Carrier Update October 2012
A busy summer saw the arrival at Rosyth of major hull sections LB02 and LB05, as well as several sponson sections and flight deck sections. Teams also lowered the bulbous bow into the dock and skidded all the massive sections together, so the front half of the ship became visible for the first time.
Since then the main focus at Rosyth has been on getting all these sections integrated. And it’s not just a case of welding them into position. Although the blocks arrive with a great deal of the fitting out complete, integrating them with the ship is a major task. As well as tasks like lifting and welding and painting, thousands of kilometres of pipes and cables need to be pulled into place and systems and equipment need to be installed.
Almost all the major parts of the hull are now at the Rosyth assembly site. LB04 is on its way. LB04, at 11,000 tonnes, is bigger than most ships currently in-service with the Royal Navy. Far from an empty shell, it is already fitted out to a high standard. Among other things the section houses a dentist, a medical centre, two engine rooms and accommodation for almost 250 men and women. The block also has over 450,000 metres of cables and more than 39,000 metres of pipes. When it arrives in Rosyth it will be moored in the non-tidal basin for a short period, before being brought into the dock. Hydraulic rams will then skid the resident 20,000 tonnes of HMS Queen Elizabeth back so the sections can be joined together. Keep an eye on the Aircraft Carrier Alliance flickr page to see the latest pics. http://www.flickr.com/photos/qeclasscarriers/
The next major section to arrive will be the iconic forward island, now nearing completion at Portsmouth. The aft island, which will house all the flight control operations, is well under construction at Scotstoun.
Work on ship two – HMS Prince of Wales – is also moving ahead well. The ship passed a milestone in October when teams in Portsmouth lifted the Wärtsilä diesel generator sets into place. These are ‘lock out’ items, which means the ship needs to be built around them, so moving them into place is a crucial stage in the build process.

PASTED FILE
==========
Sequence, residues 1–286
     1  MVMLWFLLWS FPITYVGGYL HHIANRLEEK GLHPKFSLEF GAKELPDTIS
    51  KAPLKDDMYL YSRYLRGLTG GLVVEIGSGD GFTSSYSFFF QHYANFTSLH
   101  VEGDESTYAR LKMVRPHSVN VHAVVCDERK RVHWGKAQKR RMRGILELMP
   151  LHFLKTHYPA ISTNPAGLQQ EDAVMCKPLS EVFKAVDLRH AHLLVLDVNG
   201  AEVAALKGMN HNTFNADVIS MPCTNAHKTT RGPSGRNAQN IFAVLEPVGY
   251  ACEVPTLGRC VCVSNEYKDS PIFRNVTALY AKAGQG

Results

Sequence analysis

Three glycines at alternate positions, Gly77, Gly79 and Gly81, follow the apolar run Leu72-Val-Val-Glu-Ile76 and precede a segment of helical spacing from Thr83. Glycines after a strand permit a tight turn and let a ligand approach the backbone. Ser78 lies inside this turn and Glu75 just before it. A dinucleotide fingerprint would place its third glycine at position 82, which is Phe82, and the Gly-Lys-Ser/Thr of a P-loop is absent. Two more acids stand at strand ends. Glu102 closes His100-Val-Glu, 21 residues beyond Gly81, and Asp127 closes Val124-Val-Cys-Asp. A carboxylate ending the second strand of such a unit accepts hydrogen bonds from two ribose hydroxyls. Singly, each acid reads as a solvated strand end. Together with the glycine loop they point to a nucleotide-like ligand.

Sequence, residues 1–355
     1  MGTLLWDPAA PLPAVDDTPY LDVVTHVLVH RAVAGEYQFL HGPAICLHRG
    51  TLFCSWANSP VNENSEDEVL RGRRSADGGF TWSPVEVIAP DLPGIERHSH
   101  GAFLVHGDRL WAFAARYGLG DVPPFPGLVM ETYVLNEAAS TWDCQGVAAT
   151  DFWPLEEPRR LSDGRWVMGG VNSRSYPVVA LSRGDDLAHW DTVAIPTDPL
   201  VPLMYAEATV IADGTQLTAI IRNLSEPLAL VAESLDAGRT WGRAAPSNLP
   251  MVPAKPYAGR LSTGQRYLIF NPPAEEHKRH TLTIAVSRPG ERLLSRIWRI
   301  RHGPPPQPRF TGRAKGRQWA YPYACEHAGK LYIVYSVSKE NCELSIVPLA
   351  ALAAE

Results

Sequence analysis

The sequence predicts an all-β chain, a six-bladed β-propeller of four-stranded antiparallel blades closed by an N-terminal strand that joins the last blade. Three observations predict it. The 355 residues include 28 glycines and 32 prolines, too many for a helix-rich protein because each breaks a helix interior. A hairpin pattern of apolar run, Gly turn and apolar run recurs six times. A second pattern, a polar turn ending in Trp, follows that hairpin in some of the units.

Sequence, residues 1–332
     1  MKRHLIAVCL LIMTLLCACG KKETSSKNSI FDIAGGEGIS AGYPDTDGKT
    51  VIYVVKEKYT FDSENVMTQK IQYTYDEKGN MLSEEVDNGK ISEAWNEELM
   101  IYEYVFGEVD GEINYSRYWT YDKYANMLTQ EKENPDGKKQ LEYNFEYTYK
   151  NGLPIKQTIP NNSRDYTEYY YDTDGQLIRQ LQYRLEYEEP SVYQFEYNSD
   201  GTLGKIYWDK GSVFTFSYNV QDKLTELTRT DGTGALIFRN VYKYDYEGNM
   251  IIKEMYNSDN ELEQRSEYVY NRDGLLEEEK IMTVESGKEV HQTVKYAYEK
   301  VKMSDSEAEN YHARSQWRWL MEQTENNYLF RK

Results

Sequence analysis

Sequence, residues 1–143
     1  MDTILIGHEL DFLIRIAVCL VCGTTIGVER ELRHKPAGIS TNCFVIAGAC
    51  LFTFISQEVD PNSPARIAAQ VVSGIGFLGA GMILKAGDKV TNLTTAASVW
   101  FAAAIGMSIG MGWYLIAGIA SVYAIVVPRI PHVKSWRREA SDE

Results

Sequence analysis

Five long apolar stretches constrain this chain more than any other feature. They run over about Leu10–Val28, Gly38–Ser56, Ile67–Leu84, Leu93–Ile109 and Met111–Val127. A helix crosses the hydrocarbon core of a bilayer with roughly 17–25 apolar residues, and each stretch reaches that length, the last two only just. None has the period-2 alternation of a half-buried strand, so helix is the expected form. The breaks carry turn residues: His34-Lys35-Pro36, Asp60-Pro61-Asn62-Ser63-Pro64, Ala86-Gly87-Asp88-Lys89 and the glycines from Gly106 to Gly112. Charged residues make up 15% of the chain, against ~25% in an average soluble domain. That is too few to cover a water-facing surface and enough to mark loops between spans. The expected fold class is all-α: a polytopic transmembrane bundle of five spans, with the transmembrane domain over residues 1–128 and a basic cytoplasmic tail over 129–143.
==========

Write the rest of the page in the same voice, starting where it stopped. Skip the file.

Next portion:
But creating these ships isn’t just about building them. To make them into capable pieces of military equipment, they need to have the right kit on board. And it needs to work flawlessly. To help this happen the Aircraft Carrier Alliance has facilities where everything from top-secret mission-planning software to telephones are tested.
First Sea Lord Sir Mark Stanhope officially opened the latest facility in November. As unique as the ships themselves, the building, at HMS Collingwood outside Portsmouth, houses full-scale set ups of telephone networks, cameras and computers, all of which are put through their paces by Royal; Navy recruits, making sure they work perfectly before they are installed on-board.
HMS Queen Elizabeth’s first crew members joined in October – a clear sign of the progress being made in bringing the ship to life. Captain Simon Petitt and his team are developing the ship’s operations, routines and procedures in preparation for the hand over to the MOD. Rear Admiral Steve Brunton, Deputy Director Ships and Director Ship Acquisition, is pictured presented Leading Writer Claire Butler with her new cap tally.
As HMS Queen Elizabeth takes shape she is attracting quite a bit of attention. In the space of just a few weeks the Aircraft Carrier Alliance was honoured to welcome the Duke of Edinburgh, the Princess Royal and the Prime Minister, all of whom left with a real appreciation of the efforts being put in all over the UK to deliver this programme as another UK success story.
Picture of Prime Minister: Leading Airman (Photographer) Pepe Hogan, Crown Copyright 2012
Picture of Claire Butler: Leading Airman (Photographer) Paul Halliwell, Crown Copyright 2012